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Amazon Censorship Hits Home

David Martin


By this time most folks have probably heard about the March 2018 purge from of books that call into question the story that during World War II Nazi Germany implemented through official policy the gassing to death and cremation of six million Jews at government-run central “extermination” camps. One can find a good summary of the actions by Amazon in Kevin Barrett’s article with the tongue-in-cheek title, “Jeff Bezos, Amazon Endorse Holocaust Denial.”


Barrett observes that while books probing the facts of what was christened “The Holocaust” in a 1978 American television mini-series have been swept away with a very broad broom, books attacking the banned books are still freely available on Amazon, such as the one from a well-known professor of modern Jewish history and holocaust studies at Emory University, which Barrrett describes this way:

Deborah Lipstadt’s Denying the Holocaust: The Growing Assault on Truth and Memory, possibly the best-known anti-revisionism book, is also the most shockingly vapid. Lipstadt makes little effort to argue her case on its merits, but instead spends virtually the entire 304 pages lobbing hysterical ad-hominem arguments. The only sane reaction to Lipstadt’s unbelievably lame volume is: “If this is the best the anti-revisionists can do, no wonder they have to try to get revisionists’ books banned!” You can get a used copy for less than two dollars and fifty cents.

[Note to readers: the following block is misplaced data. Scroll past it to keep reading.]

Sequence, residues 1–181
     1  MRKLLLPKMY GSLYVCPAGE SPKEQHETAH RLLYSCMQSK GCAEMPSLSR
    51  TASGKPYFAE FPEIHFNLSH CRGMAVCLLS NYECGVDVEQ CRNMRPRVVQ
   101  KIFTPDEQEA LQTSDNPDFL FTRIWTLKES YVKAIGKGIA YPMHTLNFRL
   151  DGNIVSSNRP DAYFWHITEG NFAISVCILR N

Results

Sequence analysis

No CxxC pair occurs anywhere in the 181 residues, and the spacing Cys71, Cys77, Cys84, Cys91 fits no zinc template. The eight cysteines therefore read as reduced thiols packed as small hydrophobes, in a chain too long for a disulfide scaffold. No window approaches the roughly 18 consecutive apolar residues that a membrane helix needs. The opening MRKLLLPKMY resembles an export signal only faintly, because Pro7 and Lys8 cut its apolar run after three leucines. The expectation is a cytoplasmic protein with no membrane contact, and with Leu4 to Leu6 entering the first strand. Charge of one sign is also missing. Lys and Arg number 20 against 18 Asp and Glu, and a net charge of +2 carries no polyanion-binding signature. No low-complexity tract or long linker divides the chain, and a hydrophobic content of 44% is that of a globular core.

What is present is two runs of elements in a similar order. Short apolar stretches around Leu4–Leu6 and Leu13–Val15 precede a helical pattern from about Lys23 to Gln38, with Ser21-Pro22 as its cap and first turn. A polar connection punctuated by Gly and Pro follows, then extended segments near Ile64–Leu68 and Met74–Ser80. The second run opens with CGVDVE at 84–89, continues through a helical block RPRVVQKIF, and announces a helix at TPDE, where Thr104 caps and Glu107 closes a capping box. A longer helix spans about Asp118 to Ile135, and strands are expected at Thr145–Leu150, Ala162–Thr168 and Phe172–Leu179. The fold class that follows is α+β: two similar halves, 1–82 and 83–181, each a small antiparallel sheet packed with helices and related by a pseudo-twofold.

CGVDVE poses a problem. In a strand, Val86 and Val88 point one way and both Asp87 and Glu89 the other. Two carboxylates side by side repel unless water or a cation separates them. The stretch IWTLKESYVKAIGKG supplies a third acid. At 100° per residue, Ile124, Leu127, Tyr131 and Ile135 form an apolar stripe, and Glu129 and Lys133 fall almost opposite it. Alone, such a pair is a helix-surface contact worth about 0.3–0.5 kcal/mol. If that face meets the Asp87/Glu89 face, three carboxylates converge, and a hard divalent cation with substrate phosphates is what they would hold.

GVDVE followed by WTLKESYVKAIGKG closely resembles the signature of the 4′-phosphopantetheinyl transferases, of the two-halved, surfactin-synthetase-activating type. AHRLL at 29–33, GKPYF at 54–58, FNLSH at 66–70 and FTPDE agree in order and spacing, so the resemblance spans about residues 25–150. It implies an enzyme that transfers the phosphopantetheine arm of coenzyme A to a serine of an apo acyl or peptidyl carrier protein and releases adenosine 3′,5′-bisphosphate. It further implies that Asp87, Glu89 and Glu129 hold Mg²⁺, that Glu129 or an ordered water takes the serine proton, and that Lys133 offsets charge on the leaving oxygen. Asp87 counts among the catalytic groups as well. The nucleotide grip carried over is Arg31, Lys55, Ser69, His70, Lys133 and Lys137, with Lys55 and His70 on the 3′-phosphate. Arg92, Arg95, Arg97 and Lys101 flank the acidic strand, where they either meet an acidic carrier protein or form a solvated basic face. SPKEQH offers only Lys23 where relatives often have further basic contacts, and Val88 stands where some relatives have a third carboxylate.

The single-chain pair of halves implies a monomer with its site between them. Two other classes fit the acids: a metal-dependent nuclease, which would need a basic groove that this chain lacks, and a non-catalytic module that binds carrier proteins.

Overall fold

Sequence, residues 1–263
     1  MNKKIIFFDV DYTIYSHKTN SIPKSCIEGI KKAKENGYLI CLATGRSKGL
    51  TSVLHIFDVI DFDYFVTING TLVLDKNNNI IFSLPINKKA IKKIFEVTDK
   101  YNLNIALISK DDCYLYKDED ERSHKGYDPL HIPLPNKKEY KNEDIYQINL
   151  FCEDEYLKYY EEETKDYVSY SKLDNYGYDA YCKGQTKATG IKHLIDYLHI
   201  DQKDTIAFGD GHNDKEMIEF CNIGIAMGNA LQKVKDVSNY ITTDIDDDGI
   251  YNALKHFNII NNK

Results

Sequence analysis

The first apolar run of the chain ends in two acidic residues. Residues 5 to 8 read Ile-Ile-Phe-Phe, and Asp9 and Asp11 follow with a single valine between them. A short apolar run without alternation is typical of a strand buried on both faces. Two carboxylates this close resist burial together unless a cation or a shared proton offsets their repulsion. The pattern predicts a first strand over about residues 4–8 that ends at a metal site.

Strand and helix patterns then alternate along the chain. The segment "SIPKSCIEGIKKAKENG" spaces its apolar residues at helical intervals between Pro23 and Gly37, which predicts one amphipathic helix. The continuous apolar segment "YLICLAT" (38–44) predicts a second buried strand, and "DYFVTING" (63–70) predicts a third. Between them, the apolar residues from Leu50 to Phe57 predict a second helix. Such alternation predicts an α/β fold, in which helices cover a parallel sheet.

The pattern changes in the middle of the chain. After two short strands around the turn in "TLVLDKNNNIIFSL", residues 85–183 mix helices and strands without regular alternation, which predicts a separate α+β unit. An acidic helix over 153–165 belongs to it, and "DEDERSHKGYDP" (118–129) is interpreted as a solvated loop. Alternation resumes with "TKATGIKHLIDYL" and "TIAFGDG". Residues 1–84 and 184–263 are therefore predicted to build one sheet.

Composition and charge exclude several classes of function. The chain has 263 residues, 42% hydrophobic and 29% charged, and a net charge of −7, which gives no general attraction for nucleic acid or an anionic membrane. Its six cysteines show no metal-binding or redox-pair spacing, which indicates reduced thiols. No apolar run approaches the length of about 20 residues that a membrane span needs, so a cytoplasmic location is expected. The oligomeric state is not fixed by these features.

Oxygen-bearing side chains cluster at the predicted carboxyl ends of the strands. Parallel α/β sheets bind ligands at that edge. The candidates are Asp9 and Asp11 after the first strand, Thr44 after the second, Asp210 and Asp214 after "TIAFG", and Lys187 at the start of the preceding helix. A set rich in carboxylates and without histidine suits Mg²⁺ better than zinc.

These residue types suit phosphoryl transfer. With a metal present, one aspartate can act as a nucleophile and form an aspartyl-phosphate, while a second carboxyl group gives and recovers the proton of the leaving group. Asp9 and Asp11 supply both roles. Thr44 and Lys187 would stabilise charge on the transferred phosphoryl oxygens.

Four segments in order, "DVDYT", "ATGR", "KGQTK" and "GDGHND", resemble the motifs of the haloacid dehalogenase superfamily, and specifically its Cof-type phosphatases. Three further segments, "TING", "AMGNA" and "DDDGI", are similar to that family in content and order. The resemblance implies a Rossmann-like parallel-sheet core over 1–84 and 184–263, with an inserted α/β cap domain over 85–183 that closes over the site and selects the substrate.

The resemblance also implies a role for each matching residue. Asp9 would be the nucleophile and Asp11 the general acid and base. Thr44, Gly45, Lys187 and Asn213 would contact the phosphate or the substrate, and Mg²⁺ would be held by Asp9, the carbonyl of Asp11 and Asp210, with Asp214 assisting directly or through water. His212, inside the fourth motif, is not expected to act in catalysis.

Barrett, in his updated article, has a letter from German revisionist Germar Rudolf revealing that Castle Hill Publishers alone has had 68 titles banished from Amazon through the new policy. Amazon owner Bezos, according to Barrett, might just as well post the following announcement:

Attention, Amazon shoppers! You can still buy bad and mediocre books arguing that holocaust revisionists are wrong — but you are not permitted to buy better books (including at least one very good book, [Thomas] Dalton’s Debating the Holocaust) that might lead you to the opposite conclusion.


Rudolf notes that at least five of the banned Castle Hill books don’t even deal with the question of the Holocaust, leading Barrett to this conclusion:


The sweeping mass ban enforced within hours, and the senseless aimlessness and random nature with which it was implemented, clearly show that these books were not pulled because their content was checked and found impermissible, but because someone (probably Yad Vashem) had sent them a list of items to ban, and Amazon simply complied by checking off all the items on that list.